Fitness tech may have figured out cardio, but strength training is still an area where at-home fitness struggles. The Peloton Guide hasn’t taken off, Lululemon is floundering a bit with the Mirror, Tonal had a bunch of layoffs, and it’s generally easier for city dwellers to go to the gym than store a whole dumbbell rack in their living room. But Tempo is back with a big update to its at-home strength training system, adding full body scans and AI-powered classes that adapt to your performance in real time while providing form feedback.
“Finally, for the first time, we’re able to connect your body and workout to an AI and have them actually talk to each other to optimize your workout in real time,” co-founder and CEO Moawia Eldeeb told The Verge while demoing Tempo’s new features over Zoom.
The gist, according to Eldeeb, is Tempo will pull all your fitness data — including biometrics collected by the Apple Watch or other wearables with HealthKit integrations — to get a holistic picture of your readiness. That includes your heart rate variability (HRV), sleep quality, and what other workouts you’ve recorded on other platforms like Strava or Garmin that week. Depending on what the data says, the Tempo app will now recommend the difficulty and intensity level for your workout, what weights you should be using, and adjust your workout targets based on your real-time performance.
For example, Eldeeb says Tempo will now ask users how many additional reps they could’ve done at the end of a set. That will help Tempo’s AI determine whether you were working out at the right difficulty. Depending on your answer, you’ll get recommended either more reps at the same weight, fewer reps, or perhaps a recommendation to lift heavier. Likewise, if your heart rate zone is too high after a set, the app will automatically pause workouts and lengthen your recovery time until your heart rate settles. This might sound like common sense if you’re a strength training pro, but it’s an area newbies often struggle to master without help.
Tempo is also leveraging the iPhone’s cameras to generate optional full-body composition scans. It works similarly to the controversial feature that Amazon debuted with its now-defunct Halo trackers. In a live video demo, I watched as a Tempo trainer spun around in a circle, and then poof, a 3D image appeared in the app itself. According to Eldeeb, the app takes 150 photos to reconstruct your body, and using your weight, height, and gender, it can estimate how much lean muscle mass and body fat you have. Plus, it provides body measurements (i.e., biceps, calves, quads, etc.)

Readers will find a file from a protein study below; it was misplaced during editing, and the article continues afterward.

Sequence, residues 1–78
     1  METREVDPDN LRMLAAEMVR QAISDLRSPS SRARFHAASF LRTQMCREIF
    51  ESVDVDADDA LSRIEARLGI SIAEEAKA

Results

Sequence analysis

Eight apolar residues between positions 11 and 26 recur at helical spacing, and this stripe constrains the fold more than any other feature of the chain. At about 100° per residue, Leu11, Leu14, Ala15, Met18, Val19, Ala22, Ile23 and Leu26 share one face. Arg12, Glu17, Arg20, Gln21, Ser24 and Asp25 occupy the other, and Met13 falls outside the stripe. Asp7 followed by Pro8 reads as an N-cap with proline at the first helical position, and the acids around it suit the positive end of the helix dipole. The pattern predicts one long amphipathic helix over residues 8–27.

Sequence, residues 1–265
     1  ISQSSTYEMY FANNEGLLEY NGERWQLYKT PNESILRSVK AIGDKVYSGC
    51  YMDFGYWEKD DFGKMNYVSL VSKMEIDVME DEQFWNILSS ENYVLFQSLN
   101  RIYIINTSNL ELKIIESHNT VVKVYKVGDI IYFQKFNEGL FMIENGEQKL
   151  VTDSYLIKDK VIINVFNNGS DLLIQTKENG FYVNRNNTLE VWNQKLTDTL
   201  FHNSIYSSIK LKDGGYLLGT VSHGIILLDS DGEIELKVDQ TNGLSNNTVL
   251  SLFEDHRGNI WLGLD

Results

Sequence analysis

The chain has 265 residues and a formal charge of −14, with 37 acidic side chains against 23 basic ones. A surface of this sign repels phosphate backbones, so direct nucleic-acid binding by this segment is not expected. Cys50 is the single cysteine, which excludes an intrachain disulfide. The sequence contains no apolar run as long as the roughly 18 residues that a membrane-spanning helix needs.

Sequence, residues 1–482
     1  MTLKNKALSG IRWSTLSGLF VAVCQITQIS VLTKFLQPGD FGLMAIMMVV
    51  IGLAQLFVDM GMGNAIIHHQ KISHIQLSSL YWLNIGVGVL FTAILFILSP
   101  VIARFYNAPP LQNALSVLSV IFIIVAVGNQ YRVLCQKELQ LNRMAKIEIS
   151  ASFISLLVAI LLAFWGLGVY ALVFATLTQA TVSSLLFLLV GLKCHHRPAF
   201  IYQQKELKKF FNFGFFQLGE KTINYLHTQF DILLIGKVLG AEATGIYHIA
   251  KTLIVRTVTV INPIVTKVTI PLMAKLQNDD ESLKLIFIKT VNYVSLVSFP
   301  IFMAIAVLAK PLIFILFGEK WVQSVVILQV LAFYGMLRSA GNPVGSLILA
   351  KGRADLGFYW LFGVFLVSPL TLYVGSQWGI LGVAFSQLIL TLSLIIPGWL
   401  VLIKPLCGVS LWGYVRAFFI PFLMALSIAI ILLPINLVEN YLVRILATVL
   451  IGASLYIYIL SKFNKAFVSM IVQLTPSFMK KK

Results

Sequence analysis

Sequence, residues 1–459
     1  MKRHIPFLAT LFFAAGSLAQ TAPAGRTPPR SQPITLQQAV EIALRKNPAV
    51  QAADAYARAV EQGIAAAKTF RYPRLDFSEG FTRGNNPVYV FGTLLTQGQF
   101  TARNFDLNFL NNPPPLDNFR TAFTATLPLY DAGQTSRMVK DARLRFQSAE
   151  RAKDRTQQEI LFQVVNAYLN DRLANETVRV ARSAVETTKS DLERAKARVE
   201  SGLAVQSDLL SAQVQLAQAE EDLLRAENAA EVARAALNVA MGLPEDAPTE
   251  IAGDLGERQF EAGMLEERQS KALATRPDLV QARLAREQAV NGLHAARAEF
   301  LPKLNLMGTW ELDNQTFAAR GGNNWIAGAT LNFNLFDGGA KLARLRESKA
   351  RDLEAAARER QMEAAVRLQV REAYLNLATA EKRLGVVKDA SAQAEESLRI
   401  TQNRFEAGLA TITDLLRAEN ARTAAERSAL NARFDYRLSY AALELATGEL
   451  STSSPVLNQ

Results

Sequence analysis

The idea is so you can measure your progress — whether it be losing fat, gaining muscle, or both — without resorting to a number on the scale. However, the image part of it is optional.
“You can just say, ‘Hey, I want to keep my avatar. I want progress over time that I can see.’ Or you can switch and say you’re done, delete [the image], and keep the numbers,” says Eldeeb, referring to the 3D body composition avatar. Unlike Amazon’s version, there’s also no problematic slider that manipulates your avatar’s weight based on differing body fat percentages.
“It’s totally optional. You can still do baseline classes and still be able to calibrate everything and have the whole experience.”
The idea of an at-home system that’s portable and adaptive is a tantalizing one. It’s one of the reasons why the $495 Tempo Move was an interesting proposition. Not only did it have a sleek design, but it was ambitious and innovative in using smart weights and the iPhone’s TrueDepth cameras to deliver real-time feedback. The only issue, in my testing, was that connectivity between the device and my TV was wonky. Plus, despite the Move’s space-saving design, it still took up too much space in my cramped apartment.
It’s intriguing to see Tempo go in on the at-home fitness space at a less-than-auspicious time for the category
On that front, Eldeeb says Tempo now makes an even smaller and more portable $245 Tempo Core. It’s essentially just the Move’s “smart” dock, along with 50 pounds of connected, adjustable weights. The company has also added AirPlay compatibility, so there’s no need to actually hook up the device to your TV and take up a precious HDMI port — another issue I came across during my testing. I can’t say how well it works until I try it out for myself, but it’s promising on paper. The only thing that Tempo hasn’t addressed just yet is Android compatibility — partly because there’s a lot more variance between camera and tech specs on Android phones. For now, Tempo remains an iOS-only platform.
Even so, it’s intriguing to see Tempo go in on the at-home fitness space at a less-than-auspicious time for the category. And without raising subscription prices, at that. The bigger question is whether the added smarts will deliver a smooth enough experience for Tempo to pull ahead in the space. A lot of the right elements are there. Now it’s just the execution that matters.